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Crested Caracara


IUCN Conservation Status: Least Concern

A tropical falcon version of a vulture, the Crested Caracara reaches the United States only in Arizona, Texas, and Florida. It is a bird of open country, where it often is seen at carrion with vultures.

At a GlanceHelp

Both Sexes
19.3–22.8 in
49–58 cm
47.2 in
120 cm
37–45.9 oz
1050–1300 g
Other Names
  • Audubon's Caracara
  • Caracara du Nord (French)
  • Carancho, Caraira, Quelele, Totache (Spanish)

Cool Facts

  • A common subject of folklore and legends throughout Central and South America, the Crested Caracara is sometimes referred to as the "Mexican eagle."
  • Although it looks like a long-legged hawk and associates with vultures, the Crested Caracara is actually in the same family as falcons.
  • The oldest recorded Crested Caracara was at least 21 years, 9 months old when it was observed in the wild in 2015 in Florida and identified by it's band. It had been banded in the same state in 1994.



Open country, including pastureland, cultivated areas and semi-desert, both arid and moist habitats but more commonly in the former.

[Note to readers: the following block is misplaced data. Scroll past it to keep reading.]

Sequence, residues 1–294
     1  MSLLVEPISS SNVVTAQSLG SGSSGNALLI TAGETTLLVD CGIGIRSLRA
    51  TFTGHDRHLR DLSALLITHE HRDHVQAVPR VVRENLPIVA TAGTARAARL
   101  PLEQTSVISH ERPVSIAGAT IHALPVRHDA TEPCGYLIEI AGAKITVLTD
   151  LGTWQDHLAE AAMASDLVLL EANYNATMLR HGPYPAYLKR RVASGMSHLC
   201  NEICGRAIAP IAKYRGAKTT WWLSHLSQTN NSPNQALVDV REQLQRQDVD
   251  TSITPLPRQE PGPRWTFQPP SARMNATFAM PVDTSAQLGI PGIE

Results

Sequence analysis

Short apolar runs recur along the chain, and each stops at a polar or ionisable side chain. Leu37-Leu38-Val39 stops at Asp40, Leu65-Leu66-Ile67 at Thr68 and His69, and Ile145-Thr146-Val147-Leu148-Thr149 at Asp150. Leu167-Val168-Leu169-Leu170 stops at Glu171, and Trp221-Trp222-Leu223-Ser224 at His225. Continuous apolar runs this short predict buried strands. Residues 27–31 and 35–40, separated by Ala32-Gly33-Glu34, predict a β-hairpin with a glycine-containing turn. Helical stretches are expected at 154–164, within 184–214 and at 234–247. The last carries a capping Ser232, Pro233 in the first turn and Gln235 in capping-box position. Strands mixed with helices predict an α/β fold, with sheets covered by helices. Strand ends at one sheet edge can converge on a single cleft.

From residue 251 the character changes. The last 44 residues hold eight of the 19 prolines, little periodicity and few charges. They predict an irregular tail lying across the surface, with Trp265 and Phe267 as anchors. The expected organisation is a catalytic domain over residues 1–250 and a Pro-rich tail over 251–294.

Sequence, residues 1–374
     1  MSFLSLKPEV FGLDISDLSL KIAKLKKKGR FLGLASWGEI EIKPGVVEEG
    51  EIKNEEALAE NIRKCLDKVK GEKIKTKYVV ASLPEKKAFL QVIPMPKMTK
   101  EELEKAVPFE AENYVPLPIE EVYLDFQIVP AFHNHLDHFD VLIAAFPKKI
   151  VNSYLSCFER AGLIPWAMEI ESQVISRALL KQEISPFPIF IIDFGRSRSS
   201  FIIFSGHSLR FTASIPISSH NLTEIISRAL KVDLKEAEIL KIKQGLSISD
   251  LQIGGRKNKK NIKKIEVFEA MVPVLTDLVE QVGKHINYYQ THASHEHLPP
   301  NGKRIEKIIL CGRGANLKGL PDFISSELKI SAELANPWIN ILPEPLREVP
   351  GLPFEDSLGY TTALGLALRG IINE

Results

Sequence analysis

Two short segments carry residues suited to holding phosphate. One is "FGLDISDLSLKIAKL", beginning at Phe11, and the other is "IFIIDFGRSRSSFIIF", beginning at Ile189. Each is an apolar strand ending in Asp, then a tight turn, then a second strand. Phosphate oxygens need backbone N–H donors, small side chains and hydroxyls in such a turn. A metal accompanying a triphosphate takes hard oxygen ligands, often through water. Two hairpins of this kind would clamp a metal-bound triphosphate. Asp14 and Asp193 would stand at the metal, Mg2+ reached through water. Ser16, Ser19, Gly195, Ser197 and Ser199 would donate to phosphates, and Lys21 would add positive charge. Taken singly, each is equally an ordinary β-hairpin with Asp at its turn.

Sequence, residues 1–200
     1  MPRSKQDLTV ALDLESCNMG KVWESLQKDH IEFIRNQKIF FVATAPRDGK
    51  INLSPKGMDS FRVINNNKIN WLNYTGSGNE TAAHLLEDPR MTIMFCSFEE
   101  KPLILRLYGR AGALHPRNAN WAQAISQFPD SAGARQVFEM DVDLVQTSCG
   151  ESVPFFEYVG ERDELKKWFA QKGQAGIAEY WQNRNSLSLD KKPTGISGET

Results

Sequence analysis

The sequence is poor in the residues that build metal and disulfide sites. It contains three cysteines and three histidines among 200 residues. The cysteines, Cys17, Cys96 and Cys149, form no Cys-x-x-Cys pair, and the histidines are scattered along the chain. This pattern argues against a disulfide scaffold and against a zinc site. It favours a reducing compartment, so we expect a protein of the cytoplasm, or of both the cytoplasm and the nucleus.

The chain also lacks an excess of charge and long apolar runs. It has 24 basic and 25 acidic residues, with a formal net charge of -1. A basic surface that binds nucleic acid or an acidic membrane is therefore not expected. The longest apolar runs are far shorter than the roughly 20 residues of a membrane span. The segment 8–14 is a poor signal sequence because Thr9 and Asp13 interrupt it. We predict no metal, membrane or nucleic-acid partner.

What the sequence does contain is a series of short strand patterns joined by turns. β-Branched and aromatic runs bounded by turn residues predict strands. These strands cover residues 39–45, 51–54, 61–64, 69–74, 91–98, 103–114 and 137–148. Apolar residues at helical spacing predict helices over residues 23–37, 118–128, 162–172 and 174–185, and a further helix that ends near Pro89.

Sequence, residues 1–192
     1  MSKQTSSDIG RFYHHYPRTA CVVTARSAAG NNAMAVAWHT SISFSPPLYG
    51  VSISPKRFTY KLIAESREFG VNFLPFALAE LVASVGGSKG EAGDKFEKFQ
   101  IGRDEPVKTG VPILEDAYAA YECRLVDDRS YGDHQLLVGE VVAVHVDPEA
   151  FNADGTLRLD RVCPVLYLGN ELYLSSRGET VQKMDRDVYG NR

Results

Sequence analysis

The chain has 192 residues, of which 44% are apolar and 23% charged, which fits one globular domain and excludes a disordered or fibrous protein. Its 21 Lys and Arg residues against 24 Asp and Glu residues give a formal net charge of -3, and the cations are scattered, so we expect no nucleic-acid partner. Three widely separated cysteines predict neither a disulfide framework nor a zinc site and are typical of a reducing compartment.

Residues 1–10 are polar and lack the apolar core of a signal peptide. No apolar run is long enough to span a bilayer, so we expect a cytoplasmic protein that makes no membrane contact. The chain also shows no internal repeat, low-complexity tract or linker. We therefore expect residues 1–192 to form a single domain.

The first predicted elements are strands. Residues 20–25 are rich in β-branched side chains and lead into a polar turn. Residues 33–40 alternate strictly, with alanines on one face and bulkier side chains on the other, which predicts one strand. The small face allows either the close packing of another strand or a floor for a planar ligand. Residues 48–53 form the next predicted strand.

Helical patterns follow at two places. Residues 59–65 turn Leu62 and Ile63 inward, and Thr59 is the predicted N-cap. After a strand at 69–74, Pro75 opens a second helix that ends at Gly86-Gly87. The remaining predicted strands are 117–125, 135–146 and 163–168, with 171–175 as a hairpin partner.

Small Animals

Insects; small and occasionally large vertebrates, including fish, reptiles, amphibians, birds, and mammals; eggs; and carrion of all types.


Nesting Facts
Clutch Size
1–4 eggs
Condition at Hatching
Helpless and covered in down.
Nest Placement





status via IUCN

Least Concern

Crested Caracara populations increased between 1966 and 2015, according to the North American Breeding Bird Survey. Partners in Flight estimates a global breeding population of 2 million, with 5% living in the U.S., and 28% in Mexico. The species rates an 8 out of 20 on the Continental Concern Score. Crested Caracara is not on the 2016 State of North America's Birds' Watch List. The recent U.S. increase in populations is a turnaround from historical declines. A subspecies, the Audubon’s Crested Caracara in central Florida, is federally listed as threatened.


Range Map Help

Crested Caracara Range Map
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